GM’s Whitacre Wants To Sell Off Government’s Stake ASAP

But CEO won’t discuss timetable for IPO.

by on Aug.05, 2010

GM wants to sell off the government's 61% stake "as soon as possible," says CEO Ed Whitacre.

General Motors is working on its initial public offering, but the only timeframe Chairman and President Ed Whitacre would offer for the IPO, during an appearance Thursday, was “as soon as possible,” in his latest non-news statement.
“It’s number one on our list,” Whitacre, who also serves as GM’s chief executive officer, told the Management Briefing Seminars in Traverse City.  “We don’t like this label of ‘Government Motors.’ It turns customers off and it turns us off.”

Late last month, rumors began to circulate that GM would set out details of his planned stock offering around August 16th, following the release of its second-quarter earnings – about which Vice Chairman Steve Girsky today said analysts would be “encouraged.”

It is anticipated that the offering will be timed just before the upcoming mid-term Congressional elections, though neither Girsky nor Whitacre would confirm that timing. Ruling Congressional Democrats, along with incumbent Republicans face the wrath of voters this fall.

Following his speech at the annual industry confab, Whitacre told reporters that GM must file a massive application with the Securities Exchange Commission, something it is now working on.  But when GM does issue its IPO, Whitacre said he doesn’t expect any backlash as an automotive stock.

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“I think the appetite in the marketplace is going to be really good for GM stock,” he said. In fact, he added, some analysts said the automaker’s IPO could be the biggest ever.

When the stock does go public, Whitacre said he hopes that the government will be completely removed from any significant GM ownership.

GM declared bankruptcy in May 2009 and emerged, barely two months later, with the federal government owning 61% of the new company. In addition, the United Auto Workers retiree health care trust owns 17.5%, the Canadian government 11.7% and bondholders from the old company 9.8%. GM repaid Treasury loans of $4.7 billion and another $1.1 billion owed to the Canadian government in April.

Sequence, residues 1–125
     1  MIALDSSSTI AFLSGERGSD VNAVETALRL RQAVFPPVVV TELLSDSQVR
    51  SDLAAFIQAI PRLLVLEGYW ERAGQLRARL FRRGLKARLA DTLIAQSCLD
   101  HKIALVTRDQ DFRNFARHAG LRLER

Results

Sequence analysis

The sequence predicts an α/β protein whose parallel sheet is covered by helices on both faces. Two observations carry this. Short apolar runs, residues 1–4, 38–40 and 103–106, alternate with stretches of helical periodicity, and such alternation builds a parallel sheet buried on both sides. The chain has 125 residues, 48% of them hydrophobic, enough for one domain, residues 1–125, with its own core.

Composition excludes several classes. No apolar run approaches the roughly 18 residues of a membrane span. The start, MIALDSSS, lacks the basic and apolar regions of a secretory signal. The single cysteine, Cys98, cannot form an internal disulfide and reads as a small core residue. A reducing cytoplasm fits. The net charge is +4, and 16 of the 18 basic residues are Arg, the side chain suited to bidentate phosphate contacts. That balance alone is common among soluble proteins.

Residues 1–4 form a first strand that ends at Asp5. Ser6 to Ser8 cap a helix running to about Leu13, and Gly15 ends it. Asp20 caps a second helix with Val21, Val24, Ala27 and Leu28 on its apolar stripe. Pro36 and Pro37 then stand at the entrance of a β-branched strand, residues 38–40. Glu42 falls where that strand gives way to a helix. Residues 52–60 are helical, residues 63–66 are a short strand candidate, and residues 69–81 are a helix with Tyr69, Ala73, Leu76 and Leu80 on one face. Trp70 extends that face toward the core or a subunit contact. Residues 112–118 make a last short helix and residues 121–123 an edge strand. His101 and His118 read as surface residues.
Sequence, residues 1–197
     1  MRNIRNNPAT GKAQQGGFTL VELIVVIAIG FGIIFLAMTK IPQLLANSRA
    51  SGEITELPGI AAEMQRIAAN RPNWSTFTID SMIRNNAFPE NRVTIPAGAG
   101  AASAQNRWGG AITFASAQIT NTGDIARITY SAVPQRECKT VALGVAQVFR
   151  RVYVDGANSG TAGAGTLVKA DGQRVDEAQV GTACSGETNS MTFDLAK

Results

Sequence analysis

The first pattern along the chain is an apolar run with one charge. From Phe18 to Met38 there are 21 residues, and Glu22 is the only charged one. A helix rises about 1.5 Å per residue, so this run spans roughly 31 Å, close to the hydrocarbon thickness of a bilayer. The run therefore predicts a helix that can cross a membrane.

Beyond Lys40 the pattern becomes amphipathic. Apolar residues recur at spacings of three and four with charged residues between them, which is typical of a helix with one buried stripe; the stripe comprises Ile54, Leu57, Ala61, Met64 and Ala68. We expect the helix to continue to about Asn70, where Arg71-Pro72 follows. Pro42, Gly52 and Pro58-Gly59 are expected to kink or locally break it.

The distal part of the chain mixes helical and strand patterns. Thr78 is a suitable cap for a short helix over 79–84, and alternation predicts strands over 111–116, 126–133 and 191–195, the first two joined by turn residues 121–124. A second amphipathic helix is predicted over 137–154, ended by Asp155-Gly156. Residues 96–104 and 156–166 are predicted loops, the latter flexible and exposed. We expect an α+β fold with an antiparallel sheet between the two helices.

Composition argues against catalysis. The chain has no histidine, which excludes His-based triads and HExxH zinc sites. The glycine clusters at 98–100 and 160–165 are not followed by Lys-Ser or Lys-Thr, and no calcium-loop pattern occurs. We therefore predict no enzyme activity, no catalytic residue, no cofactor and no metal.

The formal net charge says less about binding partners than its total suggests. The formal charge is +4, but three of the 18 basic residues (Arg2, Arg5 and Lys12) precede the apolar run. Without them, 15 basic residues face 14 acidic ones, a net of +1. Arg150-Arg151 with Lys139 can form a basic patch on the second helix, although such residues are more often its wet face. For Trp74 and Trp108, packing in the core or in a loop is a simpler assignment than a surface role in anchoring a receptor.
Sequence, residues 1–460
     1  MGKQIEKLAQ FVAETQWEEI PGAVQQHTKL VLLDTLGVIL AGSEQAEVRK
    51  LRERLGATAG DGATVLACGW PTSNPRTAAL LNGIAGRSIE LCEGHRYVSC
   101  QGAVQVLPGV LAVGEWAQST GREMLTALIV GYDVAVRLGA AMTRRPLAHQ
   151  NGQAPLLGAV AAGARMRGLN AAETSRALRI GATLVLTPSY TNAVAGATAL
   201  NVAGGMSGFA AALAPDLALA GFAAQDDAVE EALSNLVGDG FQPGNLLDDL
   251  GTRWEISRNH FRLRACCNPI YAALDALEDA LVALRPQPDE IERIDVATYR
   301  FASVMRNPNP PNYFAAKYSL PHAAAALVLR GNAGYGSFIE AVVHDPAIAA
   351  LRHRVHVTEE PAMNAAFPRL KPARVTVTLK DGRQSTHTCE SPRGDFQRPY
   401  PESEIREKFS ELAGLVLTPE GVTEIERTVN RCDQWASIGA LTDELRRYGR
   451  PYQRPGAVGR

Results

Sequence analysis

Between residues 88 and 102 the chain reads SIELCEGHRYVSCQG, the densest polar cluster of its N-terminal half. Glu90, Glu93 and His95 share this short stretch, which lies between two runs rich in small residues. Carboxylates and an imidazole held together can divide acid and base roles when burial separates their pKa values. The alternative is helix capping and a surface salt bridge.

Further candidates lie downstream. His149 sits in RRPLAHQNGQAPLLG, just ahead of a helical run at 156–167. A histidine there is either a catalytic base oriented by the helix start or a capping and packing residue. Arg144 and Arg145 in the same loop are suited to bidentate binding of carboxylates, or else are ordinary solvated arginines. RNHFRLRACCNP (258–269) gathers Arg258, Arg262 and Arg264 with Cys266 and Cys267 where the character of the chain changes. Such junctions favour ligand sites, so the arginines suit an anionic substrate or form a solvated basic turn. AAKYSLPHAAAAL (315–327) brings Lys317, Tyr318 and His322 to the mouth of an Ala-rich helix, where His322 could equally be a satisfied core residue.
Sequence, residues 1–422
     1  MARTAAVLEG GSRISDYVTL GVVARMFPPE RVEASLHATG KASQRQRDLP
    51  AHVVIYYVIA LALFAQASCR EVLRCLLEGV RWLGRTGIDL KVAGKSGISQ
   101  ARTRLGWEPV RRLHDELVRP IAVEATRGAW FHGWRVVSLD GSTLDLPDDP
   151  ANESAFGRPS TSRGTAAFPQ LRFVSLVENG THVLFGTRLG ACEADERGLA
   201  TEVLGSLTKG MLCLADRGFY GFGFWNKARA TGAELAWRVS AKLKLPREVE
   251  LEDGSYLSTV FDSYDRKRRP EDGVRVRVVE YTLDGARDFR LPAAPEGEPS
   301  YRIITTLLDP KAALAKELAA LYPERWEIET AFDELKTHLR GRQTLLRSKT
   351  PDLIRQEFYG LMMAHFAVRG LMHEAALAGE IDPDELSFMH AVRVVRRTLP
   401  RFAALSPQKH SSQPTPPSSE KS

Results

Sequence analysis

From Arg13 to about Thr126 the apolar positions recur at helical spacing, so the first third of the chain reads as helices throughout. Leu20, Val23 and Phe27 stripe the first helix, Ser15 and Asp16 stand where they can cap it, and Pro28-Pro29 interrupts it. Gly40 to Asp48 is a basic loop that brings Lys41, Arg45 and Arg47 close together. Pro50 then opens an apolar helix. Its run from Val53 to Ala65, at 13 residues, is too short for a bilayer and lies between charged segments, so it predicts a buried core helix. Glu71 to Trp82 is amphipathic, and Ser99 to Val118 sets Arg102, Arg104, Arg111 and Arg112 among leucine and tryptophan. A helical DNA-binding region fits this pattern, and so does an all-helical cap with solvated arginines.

Whitacre added that GM is eager to report its second-quarter earnings next week.

“If you liked our first-quarter earnings, you’re going to love what we’re going to report next week,” he said. GM reported earnings of $865 million for the first three months of 2010.

Whitacre, a tall Texan with a slow southern drawl, said that he resisted many attempts by the U.S. Treasury Department to coax him out of retirement to take on the job as Chairman. The former chairman of AT&T later added the title of president and said he’s enjoyed the job.

“I took this job because I believe this country needs GM,” Whitacre said, adding, “I took this job out of a sense of duty – the country put a lot of faith in GM and in the industry, and I wanted both to succeed. After all, I’m a taxpayer too.”

But he refused to tell reporters whether he plans to stay on after the IPO, saying only that it is common knowledge that, at the age of 68, he has no plans to keep the job long-term.
“It’s a fun job and I’ve enjoyed it,” he said, but added “I’ve aged a lot in the last year.”

Whitacre said it’s been a remarkable year since he took over as chairman. He said he’s learned a lot about the automotive industry and has been most surprised by the dedicated people GM employs.

“At GM, we were pretty much flat on our back a year ago,” he said.

Now sales are up – even after shedding four of its eight brands – and the company’s prospects look significantly better.

The former head of AT&T, Whitacre did acknowledge some challenges yet to be resolved at GM, noting it “still has way too much bureaucracy.”

One benefit of joining GM is that even though he described himself as a long-time GM customer, he had never owned a Corvette. Now he has his first ‘Vette.

“But I’m doing something wrong, I don’t have any speeding tickets yet.”

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